20. You just came to the best place. If you have a problem or need info on service, post your question giving the most info you can. If someone doesn't know, they will tell you where to find the info you need.
  21. Here is the best advice I can give, Get a MAC and solve your problems for ever!!!! LOL
  22. IE9 has a small icon after the address bar for older designed web pages. I have been running the Beta IE9 and than The IE9 RC on this site without any problems. If you are not good with computers, I would also wait for the final release of IE9.
  23. Did you install the update for Adobe? It is built for IE9. I think the new version is 10.2. If that doen't work, you have registry problems. Get "Paretologic PC Health" and use it to clean your registry and all will be fine.
  24. PHE, Here is some good case law for you to look at. Stops While Travelling Courts have generally held that in order to be able to invoke this law as a defense the only stops allowed must be directly incidental to the trip. For example, in People v. Selyukov, 2008 NY Slip Op 28104, 2 (N.Y. J. Ct. 2008), a trial court held: Fundamental to the defense is the firearm owner's actually engaging in travel, or acts incidental to travel, through the state of arrest, such as stopping for food or gasoline or picking up passengers or packages for the trip. Any pause in the journey must be directly incident to it. The defense is generally lost if the firearm’s owner stops for any reasons not directly related to the immediate trip. (for example see State v Baker, 639 SW2d 617 [Mo App, SD 1982]) defense not available when stop was for unrelated stay with girlfriend.) It is clear that stops for food and gasoline do not constitute a break in travel. But what about stops such as overnight stays or major diversions to collect passengers? Stops such as this are a grey area under this law and it is hard to judge the line when a stop is directly incident to the journey or falls outside of that category. Due to the lack of any settled law, it is best for a gun owner to be cautious when planning any intermediate stops. When planning a trip it would be best for the gun owner to: Plan a travel route through states where possession is legal under state or local law Plan travel routes that avoid jurisdictions which heavily regulate firearms and minimize travel time and stops in jurisdictions which do so Minimize the need for overnight stops When making overnight stops, stay close to your travel route. Do not deviate from the route to stay overnight with friends or family. Do not make major detours to collect passengers or packages. If possible, make arrangements to collect these close to your main travel route. Make stops as brief as possible. Minimize length of stops whenever possible. When stopped, even overnight, do not remove firearms from the car as doing so may remove the protection of federal law and may even constitute illegal carry of a firearm in that jurisdiction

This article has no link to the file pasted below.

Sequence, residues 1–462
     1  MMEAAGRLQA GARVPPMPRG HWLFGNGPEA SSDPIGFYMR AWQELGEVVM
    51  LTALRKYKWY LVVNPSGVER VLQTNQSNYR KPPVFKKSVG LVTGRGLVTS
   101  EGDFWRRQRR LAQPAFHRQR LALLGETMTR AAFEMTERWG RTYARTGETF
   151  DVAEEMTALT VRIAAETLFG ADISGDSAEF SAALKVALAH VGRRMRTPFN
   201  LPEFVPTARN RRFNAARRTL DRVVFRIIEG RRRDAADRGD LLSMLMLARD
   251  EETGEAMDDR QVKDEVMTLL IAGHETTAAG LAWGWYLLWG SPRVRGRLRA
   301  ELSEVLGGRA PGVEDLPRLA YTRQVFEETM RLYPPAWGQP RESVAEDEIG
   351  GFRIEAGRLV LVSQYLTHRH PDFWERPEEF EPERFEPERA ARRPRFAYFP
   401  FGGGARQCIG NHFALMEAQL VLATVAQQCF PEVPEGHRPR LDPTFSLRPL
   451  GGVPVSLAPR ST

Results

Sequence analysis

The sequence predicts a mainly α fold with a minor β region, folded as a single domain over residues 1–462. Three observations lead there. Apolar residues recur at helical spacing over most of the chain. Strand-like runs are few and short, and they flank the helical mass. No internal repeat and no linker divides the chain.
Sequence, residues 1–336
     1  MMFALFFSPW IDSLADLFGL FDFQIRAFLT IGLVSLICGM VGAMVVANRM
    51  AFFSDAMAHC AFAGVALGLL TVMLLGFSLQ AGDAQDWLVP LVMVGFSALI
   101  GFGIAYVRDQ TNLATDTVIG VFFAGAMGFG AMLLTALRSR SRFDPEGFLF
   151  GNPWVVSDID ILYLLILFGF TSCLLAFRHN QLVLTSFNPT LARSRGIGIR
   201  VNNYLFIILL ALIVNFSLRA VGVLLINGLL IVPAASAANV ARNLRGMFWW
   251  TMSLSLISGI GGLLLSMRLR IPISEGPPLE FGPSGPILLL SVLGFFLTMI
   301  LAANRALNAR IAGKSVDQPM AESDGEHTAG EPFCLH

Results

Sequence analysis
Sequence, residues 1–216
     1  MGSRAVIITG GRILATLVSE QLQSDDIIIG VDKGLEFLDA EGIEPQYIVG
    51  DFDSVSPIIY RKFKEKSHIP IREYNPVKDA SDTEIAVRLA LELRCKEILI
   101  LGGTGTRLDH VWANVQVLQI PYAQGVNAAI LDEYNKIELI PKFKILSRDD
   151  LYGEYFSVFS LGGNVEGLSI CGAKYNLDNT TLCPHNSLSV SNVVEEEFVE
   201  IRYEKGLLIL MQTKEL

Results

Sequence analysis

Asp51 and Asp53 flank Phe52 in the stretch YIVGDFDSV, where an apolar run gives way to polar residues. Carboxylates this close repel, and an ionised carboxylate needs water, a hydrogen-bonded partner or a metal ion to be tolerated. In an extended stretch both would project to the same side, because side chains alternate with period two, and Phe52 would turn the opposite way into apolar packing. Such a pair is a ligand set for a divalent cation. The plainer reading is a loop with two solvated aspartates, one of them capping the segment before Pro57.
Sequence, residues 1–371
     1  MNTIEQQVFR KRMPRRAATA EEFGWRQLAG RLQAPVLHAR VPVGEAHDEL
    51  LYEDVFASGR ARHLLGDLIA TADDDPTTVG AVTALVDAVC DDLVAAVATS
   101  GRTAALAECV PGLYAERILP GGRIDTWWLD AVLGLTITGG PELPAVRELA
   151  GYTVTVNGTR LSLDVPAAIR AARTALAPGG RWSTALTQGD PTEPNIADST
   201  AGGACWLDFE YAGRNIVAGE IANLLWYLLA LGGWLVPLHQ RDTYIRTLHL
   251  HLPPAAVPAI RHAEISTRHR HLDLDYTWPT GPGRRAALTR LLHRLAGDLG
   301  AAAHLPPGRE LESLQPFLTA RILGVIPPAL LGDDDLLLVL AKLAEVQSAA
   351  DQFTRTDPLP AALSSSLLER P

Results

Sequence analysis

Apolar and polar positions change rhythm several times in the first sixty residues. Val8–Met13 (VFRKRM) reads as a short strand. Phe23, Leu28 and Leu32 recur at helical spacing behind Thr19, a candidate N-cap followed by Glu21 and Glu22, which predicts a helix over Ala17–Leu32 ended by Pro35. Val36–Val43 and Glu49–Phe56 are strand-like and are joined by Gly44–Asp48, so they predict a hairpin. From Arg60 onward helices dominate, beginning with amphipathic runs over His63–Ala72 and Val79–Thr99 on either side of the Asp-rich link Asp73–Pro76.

25. Sorry PHE, you are the one that is wrong. If you read the law, you must also read the state law. Most states will only let you pass though their State to go to an event like a shooting contest and not just any. Must be put on by a group like the N.R.A.. Most of us are not going to a shooting contest. Also if you read here, http://www.nraila.org/GunLaws/Federal/Read.aspx?id=59 you will see that it states: "Travelers should be aware that some state and local governments treat this federal provision as an “affirmative defense” that may only be raised after an arrest" That means, you could be arrested and have to go though the system possibly up to a trial to use the federal law as an affirmative defense. That Defense in many states could only be if you were going to the contest to compete, not just pass though the state. Example: If you are going though N.J. to a friends house in another state with a handgun in a lock box, you will be going time in jail. Don't just look at one federal law and think you are OK. You need to read the State law and most of all, the case law!